I’ve been delving into SIP telephony lately. It all started when I wanted to have a PSTN phone number in another country. For business reasons, I have carried two mobile phones for the past two years. One has a phone number in the country where I live. The other has an overseas phone number. If anyone in this other country calls the latter phone, the call gets trunked through to me through the magic of GSM global roaming. I answer the call and have the luxury of paying exorbitant global roaming charges while someone tells me about their weekend.
Well, at least my clients in this other country can call me relatively cheaply.
So I thought SIP providers might offer me something useful. The utlimate goal was just to have a number in this other country forward through to my main mobile (the foreign mobile phone provider wouldn’t do this for me). Anyhow, I found a SIP provider and yes they will forward a call through and charge me about a fifth of what the roaming charges were. So thats good.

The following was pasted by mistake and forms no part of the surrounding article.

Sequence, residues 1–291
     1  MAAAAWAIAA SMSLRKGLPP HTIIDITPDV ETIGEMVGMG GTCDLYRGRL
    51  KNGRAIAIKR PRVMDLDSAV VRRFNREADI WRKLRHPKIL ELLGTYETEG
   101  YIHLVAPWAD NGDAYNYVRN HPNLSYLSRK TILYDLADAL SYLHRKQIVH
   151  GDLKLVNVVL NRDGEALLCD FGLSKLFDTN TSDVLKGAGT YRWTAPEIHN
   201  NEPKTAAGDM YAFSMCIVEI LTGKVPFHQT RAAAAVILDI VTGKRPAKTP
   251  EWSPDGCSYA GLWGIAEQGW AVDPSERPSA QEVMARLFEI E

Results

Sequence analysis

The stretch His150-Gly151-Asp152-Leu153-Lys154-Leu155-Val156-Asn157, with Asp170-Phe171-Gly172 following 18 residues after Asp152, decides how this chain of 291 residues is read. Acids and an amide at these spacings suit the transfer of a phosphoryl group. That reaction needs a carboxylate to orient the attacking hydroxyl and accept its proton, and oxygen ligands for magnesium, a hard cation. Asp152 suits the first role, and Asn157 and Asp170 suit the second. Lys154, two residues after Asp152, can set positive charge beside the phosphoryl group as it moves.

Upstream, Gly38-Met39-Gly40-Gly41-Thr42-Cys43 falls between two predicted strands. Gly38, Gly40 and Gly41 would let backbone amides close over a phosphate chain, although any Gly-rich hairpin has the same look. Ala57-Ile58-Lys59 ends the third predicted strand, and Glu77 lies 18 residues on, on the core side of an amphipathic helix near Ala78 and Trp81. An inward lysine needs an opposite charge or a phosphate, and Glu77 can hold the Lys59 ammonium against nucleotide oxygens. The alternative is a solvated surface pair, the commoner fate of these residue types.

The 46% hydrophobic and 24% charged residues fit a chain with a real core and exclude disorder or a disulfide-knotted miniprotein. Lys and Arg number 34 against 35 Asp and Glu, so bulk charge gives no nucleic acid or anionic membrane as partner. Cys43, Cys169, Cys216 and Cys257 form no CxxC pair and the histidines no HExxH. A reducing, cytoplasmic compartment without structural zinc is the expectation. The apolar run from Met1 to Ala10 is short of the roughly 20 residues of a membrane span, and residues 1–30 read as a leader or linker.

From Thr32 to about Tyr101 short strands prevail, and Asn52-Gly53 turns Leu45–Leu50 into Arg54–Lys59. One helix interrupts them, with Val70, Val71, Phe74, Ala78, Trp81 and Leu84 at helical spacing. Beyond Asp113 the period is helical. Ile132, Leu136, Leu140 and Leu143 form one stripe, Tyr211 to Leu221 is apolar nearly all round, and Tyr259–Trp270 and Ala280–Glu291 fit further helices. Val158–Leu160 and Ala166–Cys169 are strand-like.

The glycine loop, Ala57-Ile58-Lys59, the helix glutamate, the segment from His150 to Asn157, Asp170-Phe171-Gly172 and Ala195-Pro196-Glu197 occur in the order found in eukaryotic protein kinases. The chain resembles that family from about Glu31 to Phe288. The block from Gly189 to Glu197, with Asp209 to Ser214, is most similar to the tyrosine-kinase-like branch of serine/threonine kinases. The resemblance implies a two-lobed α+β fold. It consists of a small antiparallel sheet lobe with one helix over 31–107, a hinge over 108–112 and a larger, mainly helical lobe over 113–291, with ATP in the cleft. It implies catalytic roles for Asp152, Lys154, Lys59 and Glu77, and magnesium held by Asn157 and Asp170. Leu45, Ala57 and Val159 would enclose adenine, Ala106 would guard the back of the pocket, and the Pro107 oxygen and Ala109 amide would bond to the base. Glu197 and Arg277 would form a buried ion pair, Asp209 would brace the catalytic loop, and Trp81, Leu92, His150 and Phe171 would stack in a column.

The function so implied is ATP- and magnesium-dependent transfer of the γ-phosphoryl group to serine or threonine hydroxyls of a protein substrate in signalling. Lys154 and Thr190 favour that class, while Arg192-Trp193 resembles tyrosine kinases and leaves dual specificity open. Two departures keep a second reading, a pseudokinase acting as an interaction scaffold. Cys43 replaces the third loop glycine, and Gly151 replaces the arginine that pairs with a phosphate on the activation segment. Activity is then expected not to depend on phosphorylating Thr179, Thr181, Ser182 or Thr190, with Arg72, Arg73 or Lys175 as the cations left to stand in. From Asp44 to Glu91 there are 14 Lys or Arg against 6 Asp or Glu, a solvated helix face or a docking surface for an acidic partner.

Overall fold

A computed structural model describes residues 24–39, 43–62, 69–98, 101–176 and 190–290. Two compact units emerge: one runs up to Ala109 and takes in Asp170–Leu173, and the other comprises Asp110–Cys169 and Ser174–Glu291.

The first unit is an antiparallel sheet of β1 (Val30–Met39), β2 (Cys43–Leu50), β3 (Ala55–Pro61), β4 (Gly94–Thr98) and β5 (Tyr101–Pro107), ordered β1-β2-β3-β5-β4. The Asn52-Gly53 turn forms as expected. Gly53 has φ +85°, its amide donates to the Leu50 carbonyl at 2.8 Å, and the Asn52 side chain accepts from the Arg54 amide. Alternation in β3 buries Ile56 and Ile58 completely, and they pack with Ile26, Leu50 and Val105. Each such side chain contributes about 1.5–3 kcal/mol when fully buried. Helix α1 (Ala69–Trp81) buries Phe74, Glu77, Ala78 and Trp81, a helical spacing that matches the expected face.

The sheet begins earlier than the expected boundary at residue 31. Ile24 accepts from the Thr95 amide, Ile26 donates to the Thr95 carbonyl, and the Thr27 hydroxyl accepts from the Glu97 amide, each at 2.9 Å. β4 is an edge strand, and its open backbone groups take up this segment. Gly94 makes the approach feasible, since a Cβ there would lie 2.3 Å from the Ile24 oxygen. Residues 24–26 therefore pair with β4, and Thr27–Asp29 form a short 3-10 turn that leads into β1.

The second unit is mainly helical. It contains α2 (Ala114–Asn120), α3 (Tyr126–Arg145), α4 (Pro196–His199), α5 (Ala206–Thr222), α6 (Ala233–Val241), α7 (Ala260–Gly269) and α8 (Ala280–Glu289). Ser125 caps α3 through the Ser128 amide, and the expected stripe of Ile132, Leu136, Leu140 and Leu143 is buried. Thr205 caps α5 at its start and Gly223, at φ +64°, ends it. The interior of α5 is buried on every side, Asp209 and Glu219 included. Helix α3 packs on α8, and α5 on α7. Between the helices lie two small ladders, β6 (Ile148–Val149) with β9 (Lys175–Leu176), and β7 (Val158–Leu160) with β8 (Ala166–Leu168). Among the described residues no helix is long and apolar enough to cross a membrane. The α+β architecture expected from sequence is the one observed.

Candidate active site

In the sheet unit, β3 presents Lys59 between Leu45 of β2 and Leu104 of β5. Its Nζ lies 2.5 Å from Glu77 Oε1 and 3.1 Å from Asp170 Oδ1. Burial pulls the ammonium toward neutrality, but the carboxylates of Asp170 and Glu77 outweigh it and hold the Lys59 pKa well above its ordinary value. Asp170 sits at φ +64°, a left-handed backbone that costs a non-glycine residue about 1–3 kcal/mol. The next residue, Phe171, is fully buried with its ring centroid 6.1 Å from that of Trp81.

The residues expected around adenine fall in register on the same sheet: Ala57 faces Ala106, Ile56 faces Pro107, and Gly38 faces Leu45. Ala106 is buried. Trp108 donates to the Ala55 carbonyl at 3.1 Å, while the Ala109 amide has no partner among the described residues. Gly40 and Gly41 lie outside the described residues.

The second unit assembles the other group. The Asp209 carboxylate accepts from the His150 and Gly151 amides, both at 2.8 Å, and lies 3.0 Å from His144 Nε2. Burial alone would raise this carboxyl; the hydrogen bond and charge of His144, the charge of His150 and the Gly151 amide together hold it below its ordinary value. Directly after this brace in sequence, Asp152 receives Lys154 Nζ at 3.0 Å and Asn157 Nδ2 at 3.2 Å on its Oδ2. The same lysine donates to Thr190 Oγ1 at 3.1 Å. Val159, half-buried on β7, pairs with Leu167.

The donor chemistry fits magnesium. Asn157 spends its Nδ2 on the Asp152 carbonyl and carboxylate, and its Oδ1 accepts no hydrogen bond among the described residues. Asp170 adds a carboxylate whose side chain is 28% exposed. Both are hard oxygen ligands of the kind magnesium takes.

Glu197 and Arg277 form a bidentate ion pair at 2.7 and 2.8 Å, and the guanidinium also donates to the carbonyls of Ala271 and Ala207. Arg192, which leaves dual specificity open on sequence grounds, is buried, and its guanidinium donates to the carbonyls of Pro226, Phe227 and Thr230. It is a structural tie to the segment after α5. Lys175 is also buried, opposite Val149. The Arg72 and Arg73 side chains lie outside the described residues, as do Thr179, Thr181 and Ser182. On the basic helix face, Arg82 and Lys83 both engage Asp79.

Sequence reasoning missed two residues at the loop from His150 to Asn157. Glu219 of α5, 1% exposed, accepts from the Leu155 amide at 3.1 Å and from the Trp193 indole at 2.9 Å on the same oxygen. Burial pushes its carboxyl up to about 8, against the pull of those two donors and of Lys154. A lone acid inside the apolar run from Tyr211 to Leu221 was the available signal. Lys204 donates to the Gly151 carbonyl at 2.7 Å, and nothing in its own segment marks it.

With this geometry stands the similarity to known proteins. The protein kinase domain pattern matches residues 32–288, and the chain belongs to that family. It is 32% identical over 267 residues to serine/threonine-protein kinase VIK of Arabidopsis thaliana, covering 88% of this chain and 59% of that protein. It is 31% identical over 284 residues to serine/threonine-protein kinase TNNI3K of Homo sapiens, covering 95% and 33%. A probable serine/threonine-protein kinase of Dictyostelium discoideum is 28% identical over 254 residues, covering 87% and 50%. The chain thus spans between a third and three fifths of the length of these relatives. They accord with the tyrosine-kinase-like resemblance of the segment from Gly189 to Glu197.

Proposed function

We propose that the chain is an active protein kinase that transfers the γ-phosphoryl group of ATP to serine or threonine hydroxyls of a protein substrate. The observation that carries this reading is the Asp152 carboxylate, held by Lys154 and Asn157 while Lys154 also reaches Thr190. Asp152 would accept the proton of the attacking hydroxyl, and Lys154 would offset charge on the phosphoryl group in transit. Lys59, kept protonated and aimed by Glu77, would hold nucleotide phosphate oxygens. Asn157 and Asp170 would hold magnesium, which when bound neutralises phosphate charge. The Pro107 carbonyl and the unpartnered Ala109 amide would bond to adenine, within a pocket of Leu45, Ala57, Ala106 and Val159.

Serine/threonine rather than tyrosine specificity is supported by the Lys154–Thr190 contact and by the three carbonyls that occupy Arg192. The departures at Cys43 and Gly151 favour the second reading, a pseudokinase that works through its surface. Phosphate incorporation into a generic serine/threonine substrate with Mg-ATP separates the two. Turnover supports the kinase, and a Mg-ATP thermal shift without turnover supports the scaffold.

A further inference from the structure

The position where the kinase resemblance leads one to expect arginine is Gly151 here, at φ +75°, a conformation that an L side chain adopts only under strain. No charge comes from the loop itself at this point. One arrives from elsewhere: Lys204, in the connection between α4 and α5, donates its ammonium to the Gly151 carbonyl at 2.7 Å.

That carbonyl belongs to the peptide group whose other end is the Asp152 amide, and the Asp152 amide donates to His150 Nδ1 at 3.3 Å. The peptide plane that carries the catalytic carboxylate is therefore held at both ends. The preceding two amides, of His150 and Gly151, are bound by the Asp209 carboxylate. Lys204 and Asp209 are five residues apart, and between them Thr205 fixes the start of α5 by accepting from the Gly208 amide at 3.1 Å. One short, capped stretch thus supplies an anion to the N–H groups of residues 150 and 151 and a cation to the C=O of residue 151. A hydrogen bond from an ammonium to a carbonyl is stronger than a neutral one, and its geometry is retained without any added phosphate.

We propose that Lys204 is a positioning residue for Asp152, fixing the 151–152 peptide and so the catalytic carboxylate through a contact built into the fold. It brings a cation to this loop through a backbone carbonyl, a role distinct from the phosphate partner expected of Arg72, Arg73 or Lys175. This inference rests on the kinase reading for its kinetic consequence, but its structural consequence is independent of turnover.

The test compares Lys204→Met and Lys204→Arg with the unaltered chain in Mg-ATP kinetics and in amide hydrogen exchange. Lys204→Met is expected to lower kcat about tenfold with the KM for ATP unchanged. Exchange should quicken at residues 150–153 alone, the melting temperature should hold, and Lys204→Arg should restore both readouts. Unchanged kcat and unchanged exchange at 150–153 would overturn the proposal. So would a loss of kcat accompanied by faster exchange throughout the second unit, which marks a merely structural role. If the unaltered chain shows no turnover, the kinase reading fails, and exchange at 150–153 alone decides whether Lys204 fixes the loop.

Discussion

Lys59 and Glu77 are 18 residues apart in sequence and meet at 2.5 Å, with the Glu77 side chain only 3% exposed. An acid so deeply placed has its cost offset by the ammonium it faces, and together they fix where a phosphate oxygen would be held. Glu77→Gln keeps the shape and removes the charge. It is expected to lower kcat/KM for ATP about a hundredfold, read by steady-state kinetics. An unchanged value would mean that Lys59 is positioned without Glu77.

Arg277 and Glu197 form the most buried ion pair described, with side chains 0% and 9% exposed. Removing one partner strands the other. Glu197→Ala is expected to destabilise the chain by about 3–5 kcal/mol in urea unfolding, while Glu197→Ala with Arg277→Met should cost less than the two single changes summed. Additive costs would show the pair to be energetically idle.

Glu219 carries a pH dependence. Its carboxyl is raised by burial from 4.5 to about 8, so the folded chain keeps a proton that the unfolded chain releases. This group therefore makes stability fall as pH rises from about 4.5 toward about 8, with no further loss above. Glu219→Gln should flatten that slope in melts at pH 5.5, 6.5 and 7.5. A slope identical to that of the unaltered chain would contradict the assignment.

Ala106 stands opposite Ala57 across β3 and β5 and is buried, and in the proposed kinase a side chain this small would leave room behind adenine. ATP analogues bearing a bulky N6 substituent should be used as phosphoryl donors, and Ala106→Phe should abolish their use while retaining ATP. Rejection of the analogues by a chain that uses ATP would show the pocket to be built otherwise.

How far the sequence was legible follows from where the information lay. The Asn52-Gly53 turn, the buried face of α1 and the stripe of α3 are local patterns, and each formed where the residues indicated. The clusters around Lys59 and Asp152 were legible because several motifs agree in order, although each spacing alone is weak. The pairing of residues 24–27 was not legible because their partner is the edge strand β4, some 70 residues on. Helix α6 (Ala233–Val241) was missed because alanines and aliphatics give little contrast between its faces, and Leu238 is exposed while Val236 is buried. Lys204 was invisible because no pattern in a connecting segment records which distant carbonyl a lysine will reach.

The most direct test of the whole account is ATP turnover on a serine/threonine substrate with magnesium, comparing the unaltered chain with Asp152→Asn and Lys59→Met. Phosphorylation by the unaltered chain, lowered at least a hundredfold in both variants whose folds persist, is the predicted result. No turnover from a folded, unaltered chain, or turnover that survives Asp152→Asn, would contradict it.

However, all this SIP stuff is quite interesting. There really is a lot of interest in the Asterisk PBX software. And these ATA devices are interesting pieces of technology. To play some more I’ve ordered one of these SPA 3102 ATAs (analog phone adapters). More info when I actually receive it.
Of course the biggest killer of internet telephony is latency. If your call is trunked via the USA and you don’t live anywhere near the USA then chances are it’ll all be horrible. My experience prior to now is that Skype is great for internet to internet calls … but not so great if you want to connect to a real phone number. SIP is terrible if you have bad latency.
And as for linux SIP soft-phones. I am yet to find a decent one. I’ve tried ekiga, twinkle, linphone. All of them seem horribly dodgy. When I signed up to my new SIP provider, I found ekiga would crash as soon as the call connected. Twinkle would crash when you hung up the call. linphone I think mostly worked. In all cases, a softphone like X-lite would work perfectly under windows (even in vmware). Generally a bad linux experience. I’m hoping that an ATA will get rid of these problems.